Huahine is one of the more geographically diverse of the Society Islands. It has many deep-cleft bays, rugged mountains, and long white-sand beaches. This French Polynesian paradise also has a myriad of archaeological sites to be seen and history to be learned. The residents of the island are very proud of their heritage and Polynesian roots.
Huahine has many ancient maraes--traditional Polynesian temples. The island also has some of the earliest traces of settlement in the Society Islands. One of the archaeological sites was discovered in 1972 when the Bali Hai Hotel was being constructed. Builders were dredging areas around a swamp when they discovered pre-European artifacts. Researchers came in and found that there was a village on the site about 1000 years ago. The swampy ground had preserved many wooden objects such as tools, canoe planks, and even house foundations. Some of the most interesting items found were patu, ancient weapons made of wood and bone used by the New Zealand Maoris. These weapons had never been found outside of New Zealand and help support theories of migration from Tahiti to New Zealand.
Even given the continued cloudy, rainy weather, Mother and I opted for the "Beach, Snorkel, and Island Tour" in Huahine. We only had one day on the island, so we thought an island tour combined with snorkeling would give us a good flavor of the island in spite of the weather. It turned out to be a good choice for us. We had a bus tour with a local guide who had been born on Huahine, but sent to the Cook Islands at a young age to be educated in English. After some time away from Huahine, he returned.
As he drove the bus through the rain, he described the gardens and sites along the road. Huahine was significantly damaged during a 1998 typhoon, so many of the homes were relatively new, and almost all had new roofs! One facet I found fascinating was the red boxes alongside the road that looked like a newspaper delivery box from back home. We quickly found, however; that these narrow tubes didn't hold the daily news, they held the daily bread! Delicious-looking French baguettes were delivered twice daily to residents and put in this red tube-like box.
The fish traps in Lake Fauna Nui were also interesting. This inlet from the sea is neither a lake nor a lagoon. Some of the traps have been used for centuries. The fish traps are V-shaped. As fish are pulled towards the sea by an ebb tide, they become trapped in the Vs. Once they are in the basin at the point of the V, the fish can be easily caught by net or harpoon.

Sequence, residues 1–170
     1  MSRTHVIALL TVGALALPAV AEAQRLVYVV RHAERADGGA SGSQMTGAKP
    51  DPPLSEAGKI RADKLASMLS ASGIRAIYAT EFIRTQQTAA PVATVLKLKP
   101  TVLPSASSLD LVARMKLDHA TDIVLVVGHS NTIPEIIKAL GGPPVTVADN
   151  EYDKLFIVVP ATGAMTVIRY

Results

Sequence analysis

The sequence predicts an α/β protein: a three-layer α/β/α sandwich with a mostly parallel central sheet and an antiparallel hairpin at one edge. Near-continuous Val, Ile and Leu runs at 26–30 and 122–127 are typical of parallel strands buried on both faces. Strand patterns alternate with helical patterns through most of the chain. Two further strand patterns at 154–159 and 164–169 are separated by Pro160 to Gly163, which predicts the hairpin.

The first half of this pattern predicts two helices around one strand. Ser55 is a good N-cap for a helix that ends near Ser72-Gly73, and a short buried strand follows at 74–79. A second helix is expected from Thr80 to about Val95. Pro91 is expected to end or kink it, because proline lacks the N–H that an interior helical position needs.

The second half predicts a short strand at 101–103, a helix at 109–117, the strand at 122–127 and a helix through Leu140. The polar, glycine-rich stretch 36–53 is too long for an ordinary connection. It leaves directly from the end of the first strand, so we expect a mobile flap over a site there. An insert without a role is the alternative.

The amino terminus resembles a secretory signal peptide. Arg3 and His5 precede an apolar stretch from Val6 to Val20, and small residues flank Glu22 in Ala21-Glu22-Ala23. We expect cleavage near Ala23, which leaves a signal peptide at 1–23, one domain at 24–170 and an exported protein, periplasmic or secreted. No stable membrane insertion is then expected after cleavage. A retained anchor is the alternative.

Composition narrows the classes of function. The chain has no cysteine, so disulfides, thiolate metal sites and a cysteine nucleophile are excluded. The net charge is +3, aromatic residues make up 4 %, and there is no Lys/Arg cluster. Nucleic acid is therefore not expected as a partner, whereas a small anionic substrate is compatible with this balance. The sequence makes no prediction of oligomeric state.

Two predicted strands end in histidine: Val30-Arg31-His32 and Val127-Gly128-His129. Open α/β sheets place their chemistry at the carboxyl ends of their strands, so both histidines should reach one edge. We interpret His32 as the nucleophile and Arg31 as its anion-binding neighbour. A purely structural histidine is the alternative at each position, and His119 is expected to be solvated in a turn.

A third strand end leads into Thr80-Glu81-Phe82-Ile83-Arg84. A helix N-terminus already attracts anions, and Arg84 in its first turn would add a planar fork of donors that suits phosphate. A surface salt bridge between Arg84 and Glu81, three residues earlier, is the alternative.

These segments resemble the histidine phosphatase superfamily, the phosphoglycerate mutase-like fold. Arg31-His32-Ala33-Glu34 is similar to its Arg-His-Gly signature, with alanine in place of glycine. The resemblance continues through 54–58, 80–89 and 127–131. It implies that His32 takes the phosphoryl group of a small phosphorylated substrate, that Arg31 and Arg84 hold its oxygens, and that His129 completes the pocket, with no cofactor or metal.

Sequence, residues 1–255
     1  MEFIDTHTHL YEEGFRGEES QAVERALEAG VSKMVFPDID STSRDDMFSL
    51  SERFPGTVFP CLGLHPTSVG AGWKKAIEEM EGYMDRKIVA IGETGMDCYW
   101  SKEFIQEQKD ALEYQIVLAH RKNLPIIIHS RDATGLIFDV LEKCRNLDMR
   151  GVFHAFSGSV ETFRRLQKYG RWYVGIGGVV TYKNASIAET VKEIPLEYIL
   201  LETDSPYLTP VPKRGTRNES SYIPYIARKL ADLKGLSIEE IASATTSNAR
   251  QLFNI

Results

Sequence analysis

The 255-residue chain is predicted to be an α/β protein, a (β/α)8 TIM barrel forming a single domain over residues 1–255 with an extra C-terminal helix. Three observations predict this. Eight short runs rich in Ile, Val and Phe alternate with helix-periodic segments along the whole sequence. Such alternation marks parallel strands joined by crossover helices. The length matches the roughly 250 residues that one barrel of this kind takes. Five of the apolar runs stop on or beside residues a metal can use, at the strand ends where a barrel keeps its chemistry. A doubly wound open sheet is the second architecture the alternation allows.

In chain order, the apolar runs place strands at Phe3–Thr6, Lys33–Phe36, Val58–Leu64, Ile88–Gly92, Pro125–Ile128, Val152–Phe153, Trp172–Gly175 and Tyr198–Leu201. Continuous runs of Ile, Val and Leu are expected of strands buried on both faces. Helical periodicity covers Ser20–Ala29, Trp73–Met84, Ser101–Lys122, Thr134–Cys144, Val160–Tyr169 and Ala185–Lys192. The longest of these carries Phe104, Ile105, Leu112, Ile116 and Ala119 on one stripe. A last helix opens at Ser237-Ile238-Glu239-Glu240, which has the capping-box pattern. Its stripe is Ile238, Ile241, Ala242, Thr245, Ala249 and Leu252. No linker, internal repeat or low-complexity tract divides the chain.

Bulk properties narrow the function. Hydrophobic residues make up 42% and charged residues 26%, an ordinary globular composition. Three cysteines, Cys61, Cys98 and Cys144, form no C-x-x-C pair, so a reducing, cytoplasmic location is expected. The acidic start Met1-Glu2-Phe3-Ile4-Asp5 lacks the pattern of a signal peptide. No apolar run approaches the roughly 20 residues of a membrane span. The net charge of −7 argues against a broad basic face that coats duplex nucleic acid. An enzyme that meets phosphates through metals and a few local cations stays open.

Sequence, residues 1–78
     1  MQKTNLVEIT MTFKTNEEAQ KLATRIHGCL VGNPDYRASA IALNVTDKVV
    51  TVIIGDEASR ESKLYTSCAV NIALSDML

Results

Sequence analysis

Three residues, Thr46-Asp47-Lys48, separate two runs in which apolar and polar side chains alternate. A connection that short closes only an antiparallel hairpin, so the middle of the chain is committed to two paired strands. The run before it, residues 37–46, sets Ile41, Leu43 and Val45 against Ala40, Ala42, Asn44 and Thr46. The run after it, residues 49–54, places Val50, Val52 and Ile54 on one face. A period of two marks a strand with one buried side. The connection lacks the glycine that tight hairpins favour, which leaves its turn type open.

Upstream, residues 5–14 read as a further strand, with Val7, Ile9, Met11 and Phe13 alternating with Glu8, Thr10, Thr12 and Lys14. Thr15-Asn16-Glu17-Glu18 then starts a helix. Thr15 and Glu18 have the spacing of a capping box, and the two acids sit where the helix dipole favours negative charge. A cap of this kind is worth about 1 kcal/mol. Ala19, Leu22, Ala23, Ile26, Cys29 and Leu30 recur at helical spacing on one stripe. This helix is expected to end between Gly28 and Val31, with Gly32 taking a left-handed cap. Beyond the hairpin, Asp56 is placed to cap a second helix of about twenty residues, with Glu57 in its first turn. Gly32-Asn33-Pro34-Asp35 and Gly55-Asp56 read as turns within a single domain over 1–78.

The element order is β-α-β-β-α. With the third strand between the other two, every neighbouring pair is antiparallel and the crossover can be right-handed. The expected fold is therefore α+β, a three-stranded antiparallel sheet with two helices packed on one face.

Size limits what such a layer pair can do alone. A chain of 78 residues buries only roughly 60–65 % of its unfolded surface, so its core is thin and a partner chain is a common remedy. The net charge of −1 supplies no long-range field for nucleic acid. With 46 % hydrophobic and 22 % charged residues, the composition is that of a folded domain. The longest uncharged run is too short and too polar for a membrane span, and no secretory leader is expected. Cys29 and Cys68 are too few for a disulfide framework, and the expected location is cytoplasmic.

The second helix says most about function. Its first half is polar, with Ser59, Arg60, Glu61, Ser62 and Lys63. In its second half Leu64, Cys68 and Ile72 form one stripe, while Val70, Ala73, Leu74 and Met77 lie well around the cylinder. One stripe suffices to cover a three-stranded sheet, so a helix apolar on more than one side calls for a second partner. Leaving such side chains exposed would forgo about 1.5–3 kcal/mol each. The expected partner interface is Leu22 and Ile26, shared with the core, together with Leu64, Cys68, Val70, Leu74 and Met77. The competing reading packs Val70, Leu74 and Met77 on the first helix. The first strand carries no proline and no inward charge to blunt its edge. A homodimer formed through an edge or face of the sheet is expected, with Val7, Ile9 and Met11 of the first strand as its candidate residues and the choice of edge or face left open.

We did not stop at the Maeva Village and Marae as a part of this tour. (A bus tour that other passengers took did stop at the Maeva Marae.) It is being renovated, but is one of the largest archaeological sites in Polynesia. The fare potee (chief's house or community meeting place) once contained a small museum, but was destroyed during the 1998 typhoon, and is currently being rebuilt. Over 30 marae have been located in this area, with excavation dating back to 1923.
The one stop we did make on the tour was to see the sacred eels. Next to the archaeological sites, they are one of the biggest attractions on Huahine. These giant eels grow six to eight feet long, and supposedly have blue eyes. (I didn't get close enough to check this out.) The fresh water eels live in a small stream and are fed canned fish each day by the locals. they are considered sacred because the natives believe they bring the fresh waters down from the mountains. Our guide got a can of fish and starting throwing it in the stream. Quickly the water was swarming with the long slithering animals. He hand fed a few, and one aggressive eel even came up on the bank about a foot to get his share. My lack of quickness with the camera was evident, in that I didn't get a single picture of them! Guess you'll have to go see for yourself.
We also drove up into the mountains for a view of the bay and the R3 below. It was a beautiful site, but too foggy to take a picture.
After touring for about an hour, we got into a covered boat for a short trip to a motu to do some snorkeling. Huahine is surrounded by a coral reef, and a motu is a small coral islet on or along the reef. Many have coconut trees growing on them, and sometimes the natives plant melons. The boat anchored off shore from the motu. It was a great place for beginners because the water was relatively shallow in most places (3 feet), and was very calm. The bottom was sharp with dead coral, so we were glad we had our reef shoes. Because it was cloudy, the coral and fish were not as brilliant as usual, but the trip was still fun. We did see many giant clams embedded in the coral. They were of different colors, and very interesting to watch as they opened and closed their shells.
We returned to the ship in time for a shower and lunch. After swimming and snorkeling, a nice afternoon nap was in order, followed by an enjoyable dinner in the Club Restaurant. We set sail for everyone's dream paradise - Bora Bora.
Author's Note: Although Renaissance Cruises stopped operating and filed for bankruptcy in September 2001, you can still cruise Tahiti and French Polynesia either as a stopover on a Transpacific cruise or on the Paul Gauguin.